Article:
Unexpected Steps in the Journey: Pilgrimage Into the Mystery

Kathe Schaaf is a founding member of Women of Spirit and Faith, organized in 2010 with the intention of exploring, nurturing and celebrating women’s spiritual leadership. She is one of the editors of Women, Spirituality and Transformative Leadership: Where Grace Meets Power, an anthology of women’s wisdom. Kathe serves on the Board of Trustees of the Council for a Parliament of the World’s Religions, where she co-chairs the Women’s Task Force.

 

 

In spring of 2010, I traveled to England and Scotland for a spiritual pilgrimage, joining a group of soul sisters converging from the U.S., Canada and the UK. A cluster of us settled first in Glastonbury to sit in silence at the Chalice Well and explore the local myths and mysteries of ancient lore. On our last day in the region, we shared a remarkable guided journey to the Neolithic burial mounds at West Kennet, the standing stones of Avebury and a crop circle which had recently appeared in a field of yellow rapeseed across the road from Silbury Hill.  The next day, we traveled together by car to Bristol and by plane to Glasgow, where we boarded a train for the town of Oban on the west coast of Scotland. We were meeting up with the rest of our group and heading to the island of Iona for a week immersed in the rich spiritual history of that holy island. We would spend the night in Oban, stock up on groceries and embark on a series of ferries to make our journey to Iona.

 

I had been to Iona with these women once before and I was looking forward to the feminine rhythms of our life in the big white house on the shore of the sound: sharing conversation and scones with clotted cream at afternoon tea with a stream of synchronistic visitors; sacred circles in the evening around our altar in the living room;  the solitude of a morning spent picking rocks on the beach and long walks.  Having just co-convened a large women’s conference, I was deeply tired and hungry for some stillness and quiet and integration. I imagined stormy weather, naps, reading and having nothing to do except keep the coal fire.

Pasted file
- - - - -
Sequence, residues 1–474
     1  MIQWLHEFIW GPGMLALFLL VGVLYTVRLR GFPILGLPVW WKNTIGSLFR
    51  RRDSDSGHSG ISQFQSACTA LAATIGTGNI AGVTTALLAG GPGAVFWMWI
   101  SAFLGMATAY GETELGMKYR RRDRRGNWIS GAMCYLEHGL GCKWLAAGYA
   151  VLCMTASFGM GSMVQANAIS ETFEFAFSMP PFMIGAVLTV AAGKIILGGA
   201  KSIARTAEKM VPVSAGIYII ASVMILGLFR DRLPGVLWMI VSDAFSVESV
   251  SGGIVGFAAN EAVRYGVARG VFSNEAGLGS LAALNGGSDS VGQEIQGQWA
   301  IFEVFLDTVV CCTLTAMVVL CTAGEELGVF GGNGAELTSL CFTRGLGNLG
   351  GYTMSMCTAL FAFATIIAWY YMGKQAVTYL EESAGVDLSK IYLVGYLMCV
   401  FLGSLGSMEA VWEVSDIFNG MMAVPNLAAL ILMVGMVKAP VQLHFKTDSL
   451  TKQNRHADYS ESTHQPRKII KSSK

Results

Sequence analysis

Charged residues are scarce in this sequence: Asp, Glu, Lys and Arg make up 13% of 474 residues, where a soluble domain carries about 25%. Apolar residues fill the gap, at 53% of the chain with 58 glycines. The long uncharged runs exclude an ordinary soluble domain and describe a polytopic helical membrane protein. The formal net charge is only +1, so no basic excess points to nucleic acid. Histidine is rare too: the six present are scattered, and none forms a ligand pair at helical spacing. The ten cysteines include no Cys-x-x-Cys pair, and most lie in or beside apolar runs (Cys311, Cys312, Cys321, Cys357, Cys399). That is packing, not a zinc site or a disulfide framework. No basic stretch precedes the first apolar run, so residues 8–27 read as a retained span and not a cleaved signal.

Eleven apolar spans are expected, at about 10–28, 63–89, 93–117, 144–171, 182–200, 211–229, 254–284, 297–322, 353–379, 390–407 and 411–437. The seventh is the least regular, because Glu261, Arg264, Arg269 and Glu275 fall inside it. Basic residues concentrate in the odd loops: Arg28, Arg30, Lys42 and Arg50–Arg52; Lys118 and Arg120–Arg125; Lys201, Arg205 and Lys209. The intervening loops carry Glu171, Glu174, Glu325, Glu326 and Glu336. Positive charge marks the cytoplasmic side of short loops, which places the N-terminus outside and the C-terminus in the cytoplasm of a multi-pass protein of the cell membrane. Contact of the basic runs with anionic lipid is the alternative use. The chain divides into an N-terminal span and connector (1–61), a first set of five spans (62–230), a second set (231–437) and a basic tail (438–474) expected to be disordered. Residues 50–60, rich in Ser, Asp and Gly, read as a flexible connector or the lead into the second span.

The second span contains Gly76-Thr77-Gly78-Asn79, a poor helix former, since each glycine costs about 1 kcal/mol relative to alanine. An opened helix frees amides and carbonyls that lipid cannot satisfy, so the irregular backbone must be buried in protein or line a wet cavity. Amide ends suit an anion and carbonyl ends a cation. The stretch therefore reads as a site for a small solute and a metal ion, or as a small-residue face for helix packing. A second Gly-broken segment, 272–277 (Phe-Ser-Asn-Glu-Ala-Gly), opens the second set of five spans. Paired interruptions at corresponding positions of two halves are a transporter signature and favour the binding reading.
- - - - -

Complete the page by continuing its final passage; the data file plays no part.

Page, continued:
It was in Oban that the Divine picked me up and spun me around and launched me on a completely different pilgrimage. At 4 p.m.  on Friday the 13th of May, I walked into the office of an Oban optometrist and reported that a black moon had been rising in the vision field of my left eye during my day of travel from Glastonbury– and that moon was now coming full. I was diagnosed with a detached retina and informed that I needed to return to Glasgow immediately to meet with specialists at the Gartnavel Hospital Eye Casualty Unit the following morning.  Thus began a profound journey into blindness and back again, into being fully surrendered to the mystery of deep faith and radical miracles.

 

The miracles began immediately. My friend Ginny pledged to travel with me wherever I needed to go. Two wonderful sisters from the staff at the optometrist’s office offered to drive us four hours back to Glasgow, making hotel reservations near the hospital on their smart phones along the way and then driving all the way back.  My husband Doug, from home in California, threw himself into researching everything he could learn about detached retinas and my treatment options, providing important support and guidance by phone.

 

And there were scary moments. When the doctor in Glasgow explained that the macula area of my retina was fully detached and I was already effectively blind in my left eye, I think I went into shock.  He explained their plan.  Surgery was required. As soon as possible. Their surgical theatre was not available to me until Tuesday.  When he left us alone to discuss options, Ginny helped hold me together as I shivered, then sobbed  and then began to focus on next steps. I confirmed that flying home would cause no further damage to my eye, and threw myself into planning to  get back to California as quickly as possible to get the most sophisticated treatment available. I had surgery hours after landing at LAX and, over a four month period of recovery, slowly regained much of the vision in my left eye. My surgeon tells me that my recovery is in the top 2% of possible outcomes for a macula off detachment.

 

There was a moment standing at Heathrow airport waiting to board a flight to Los Angeles when I had a vivid realization: My right eye was seeing our colorful, busy world and my left eye was staring into the mystery, the ‘dark energy’ which makes up so much of our Universe. The two worlds converged … in me. I took a moment then to celebrate the precious gift of being fully present to both.


CLOSE | X

HIDE | X